When the average cost of a data breach in the United States in 2022 is $9.44M ($5.09M above the global average), organizations of every size can appreciate the need for a security plan.
Yet, one in five small businesses don’t have a plan in place, and studies have shown that such businesses are more, not less, prone to attack. You might think that hackers are too preoccupied with going after huge corporations to bother with early-stage businesses, but in reality, hackers target small companies because they tend to have less security.
If you’re a small business, the best time to be proactive with your security is now — before you get hacked. Getting started might seem overwhelming at first. Even the phrase “security audit” can sound daunting! But we’re here to break it down for you so you know how to protect your company.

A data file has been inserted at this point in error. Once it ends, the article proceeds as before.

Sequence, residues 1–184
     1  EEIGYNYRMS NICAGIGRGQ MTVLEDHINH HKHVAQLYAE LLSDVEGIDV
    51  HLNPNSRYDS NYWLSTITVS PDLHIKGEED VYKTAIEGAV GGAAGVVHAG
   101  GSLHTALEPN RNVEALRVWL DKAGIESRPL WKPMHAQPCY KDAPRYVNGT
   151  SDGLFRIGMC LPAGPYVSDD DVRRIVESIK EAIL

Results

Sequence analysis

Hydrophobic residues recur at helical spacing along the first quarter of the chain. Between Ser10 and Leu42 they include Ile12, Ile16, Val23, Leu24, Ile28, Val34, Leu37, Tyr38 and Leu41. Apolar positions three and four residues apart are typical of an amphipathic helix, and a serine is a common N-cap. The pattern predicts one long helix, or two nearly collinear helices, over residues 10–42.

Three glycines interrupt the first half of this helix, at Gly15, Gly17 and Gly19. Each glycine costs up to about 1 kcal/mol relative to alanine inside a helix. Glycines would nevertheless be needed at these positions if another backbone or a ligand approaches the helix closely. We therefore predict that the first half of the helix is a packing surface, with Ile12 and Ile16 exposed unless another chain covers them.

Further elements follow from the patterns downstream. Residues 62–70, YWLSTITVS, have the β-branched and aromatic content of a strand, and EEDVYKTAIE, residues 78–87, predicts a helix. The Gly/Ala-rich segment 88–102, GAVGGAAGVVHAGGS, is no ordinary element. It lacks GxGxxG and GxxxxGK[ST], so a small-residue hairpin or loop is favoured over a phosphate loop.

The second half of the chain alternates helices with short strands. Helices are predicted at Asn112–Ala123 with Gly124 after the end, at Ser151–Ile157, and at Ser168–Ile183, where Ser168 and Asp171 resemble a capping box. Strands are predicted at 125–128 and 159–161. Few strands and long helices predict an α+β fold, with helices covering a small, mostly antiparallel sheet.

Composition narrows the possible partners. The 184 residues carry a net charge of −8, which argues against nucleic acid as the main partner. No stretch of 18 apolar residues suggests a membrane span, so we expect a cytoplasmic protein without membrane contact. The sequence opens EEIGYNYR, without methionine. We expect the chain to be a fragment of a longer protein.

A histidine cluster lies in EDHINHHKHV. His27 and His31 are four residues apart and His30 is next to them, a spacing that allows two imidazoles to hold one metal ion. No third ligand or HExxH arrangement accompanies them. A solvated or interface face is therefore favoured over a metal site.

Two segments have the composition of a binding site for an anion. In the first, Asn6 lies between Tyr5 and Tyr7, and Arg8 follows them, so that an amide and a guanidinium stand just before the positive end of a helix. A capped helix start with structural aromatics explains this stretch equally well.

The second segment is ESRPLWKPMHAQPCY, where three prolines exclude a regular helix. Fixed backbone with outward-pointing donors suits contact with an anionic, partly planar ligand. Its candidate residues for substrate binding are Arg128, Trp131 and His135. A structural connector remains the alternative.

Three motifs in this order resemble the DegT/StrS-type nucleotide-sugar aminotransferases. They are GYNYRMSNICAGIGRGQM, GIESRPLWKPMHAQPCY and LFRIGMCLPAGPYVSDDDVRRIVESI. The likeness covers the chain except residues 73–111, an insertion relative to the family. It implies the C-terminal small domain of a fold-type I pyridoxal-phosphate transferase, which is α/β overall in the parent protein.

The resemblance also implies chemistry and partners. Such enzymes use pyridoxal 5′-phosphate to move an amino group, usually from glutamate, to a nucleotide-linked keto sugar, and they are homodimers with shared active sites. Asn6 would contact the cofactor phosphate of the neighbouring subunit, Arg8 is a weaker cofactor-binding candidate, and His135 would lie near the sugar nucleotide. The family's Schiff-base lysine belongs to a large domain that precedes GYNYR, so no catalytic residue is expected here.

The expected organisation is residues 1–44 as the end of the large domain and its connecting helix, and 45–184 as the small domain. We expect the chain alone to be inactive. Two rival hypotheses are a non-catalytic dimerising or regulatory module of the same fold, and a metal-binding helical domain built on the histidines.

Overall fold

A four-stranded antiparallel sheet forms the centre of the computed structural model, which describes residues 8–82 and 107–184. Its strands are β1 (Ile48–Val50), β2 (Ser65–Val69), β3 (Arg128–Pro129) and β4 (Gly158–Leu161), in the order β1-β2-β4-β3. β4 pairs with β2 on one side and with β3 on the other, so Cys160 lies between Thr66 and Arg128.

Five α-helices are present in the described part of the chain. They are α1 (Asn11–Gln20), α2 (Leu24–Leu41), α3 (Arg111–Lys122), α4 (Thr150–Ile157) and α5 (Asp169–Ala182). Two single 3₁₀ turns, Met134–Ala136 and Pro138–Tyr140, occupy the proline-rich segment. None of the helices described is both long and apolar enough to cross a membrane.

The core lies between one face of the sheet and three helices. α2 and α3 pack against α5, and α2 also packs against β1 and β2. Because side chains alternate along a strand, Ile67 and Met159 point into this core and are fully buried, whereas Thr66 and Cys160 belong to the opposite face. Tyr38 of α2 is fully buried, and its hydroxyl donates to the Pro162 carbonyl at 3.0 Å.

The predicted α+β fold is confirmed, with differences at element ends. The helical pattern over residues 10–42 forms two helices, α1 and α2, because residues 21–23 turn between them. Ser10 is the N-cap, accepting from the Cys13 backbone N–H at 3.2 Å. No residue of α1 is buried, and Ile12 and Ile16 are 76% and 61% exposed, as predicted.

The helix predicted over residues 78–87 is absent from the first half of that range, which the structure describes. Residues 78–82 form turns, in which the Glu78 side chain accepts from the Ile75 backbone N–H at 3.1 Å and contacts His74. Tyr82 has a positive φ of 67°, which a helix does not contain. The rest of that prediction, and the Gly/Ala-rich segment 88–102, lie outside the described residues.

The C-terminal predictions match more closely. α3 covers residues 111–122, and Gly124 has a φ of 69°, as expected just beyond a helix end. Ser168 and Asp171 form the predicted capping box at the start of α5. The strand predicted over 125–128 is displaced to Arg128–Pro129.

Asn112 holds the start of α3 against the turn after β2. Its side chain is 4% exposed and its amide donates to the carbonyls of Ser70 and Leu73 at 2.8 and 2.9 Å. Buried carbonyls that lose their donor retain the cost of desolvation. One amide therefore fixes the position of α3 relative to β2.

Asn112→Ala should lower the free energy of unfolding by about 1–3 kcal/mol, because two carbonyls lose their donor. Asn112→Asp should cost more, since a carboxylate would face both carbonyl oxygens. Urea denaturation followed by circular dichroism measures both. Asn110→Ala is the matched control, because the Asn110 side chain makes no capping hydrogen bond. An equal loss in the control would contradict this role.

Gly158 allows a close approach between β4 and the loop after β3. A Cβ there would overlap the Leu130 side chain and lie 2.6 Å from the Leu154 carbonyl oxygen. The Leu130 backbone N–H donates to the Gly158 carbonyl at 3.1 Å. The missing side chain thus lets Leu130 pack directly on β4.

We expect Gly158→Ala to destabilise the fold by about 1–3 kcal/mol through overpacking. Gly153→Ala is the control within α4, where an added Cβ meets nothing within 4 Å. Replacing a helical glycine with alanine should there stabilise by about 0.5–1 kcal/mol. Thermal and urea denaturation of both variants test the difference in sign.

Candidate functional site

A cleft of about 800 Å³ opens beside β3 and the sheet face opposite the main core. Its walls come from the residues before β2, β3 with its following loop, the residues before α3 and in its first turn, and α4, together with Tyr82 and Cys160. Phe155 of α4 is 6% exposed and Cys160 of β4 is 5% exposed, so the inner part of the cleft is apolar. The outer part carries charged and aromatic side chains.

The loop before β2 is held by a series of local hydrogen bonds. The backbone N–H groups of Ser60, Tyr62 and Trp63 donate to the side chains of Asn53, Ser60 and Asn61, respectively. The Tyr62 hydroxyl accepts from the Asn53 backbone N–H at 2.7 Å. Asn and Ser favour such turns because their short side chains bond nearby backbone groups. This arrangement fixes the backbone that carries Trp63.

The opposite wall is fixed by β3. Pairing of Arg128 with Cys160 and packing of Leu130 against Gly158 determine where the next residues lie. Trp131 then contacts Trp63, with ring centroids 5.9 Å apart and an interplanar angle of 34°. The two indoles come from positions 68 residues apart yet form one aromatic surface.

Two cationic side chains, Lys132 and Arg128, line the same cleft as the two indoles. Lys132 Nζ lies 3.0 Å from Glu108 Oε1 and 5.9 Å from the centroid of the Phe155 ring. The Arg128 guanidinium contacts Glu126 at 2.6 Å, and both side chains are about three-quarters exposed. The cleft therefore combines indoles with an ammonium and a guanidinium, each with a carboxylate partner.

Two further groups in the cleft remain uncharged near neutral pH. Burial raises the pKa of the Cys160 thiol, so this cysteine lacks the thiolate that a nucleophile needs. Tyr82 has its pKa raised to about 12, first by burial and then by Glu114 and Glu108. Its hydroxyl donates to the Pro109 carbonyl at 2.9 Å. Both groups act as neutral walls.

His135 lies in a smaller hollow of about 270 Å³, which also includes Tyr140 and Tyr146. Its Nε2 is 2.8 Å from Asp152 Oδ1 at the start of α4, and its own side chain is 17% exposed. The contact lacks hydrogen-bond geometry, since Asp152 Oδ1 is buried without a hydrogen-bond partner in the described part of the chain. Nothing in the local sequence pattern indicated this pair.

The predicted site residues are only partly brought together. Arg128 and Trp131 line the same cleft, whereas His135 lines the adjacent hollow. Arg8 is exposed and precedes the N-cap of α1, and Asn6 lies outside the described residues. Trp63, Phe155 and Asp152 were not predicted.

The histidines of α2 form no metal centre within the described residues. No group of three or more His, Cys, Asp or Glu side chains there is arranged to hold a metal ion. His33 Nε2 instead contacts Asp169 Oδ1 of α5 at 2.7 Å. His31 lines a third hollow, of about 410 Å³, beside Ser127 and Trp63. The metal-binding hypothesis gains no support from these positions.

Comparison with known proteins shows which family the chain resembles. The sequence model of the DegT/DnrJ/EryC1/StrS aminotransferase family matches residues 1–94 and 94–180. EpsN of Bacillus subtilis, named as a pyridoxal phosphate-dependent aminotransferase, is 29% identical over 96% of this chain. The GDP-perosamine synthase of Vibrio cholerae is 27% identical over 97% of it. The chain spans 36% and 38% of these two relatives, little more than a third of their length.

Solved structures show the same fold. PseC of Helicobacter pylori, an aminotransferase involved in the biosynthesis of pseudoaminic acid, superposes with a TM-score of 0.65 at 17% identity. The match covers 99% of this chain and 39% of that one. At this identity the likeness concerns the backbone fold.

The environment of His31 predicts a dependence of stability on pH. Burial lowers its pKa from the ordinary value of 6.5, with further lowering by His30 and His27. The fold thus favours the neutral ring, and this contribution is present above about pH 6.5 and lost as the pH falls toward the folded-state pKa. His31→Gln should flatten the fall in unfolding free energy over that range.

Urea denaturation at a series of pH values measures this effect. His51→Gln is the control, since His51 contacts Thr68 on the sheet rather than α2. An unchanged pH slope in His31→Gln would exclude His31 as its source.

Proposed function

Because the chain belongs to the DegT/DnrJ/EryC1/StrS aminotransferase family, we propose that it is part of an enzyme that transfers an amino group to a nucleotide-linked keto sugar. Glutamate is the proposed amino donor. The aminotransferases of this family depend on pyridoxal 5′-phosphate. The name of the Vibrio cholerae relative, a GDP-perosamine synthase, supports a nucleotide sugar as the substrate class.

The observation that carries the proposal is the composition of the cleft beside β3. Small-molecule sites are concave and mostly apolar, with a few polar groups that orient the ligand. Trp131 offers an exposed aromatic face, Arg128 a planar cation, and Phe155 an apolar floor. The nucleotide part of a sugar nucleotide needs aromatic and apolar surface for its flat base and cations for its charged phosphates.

To get started, we’ll cover what security audits are, why they’re important, and how they work to mitigate risk for your organization.
What is a security audit?
A security audit is a systematic evaluation of a company's information systems, networks, and physical infrastructure. Audits are conducted by a team of security professionals who use various tools and techniques to assess the current state of an organization's security posture.
Security audits can be conducted internally by a company's security team or by a third-party security firm. Audits might be conducted on a regular basis, such as annually or bi-annually, or in response to a specific security threat or incident.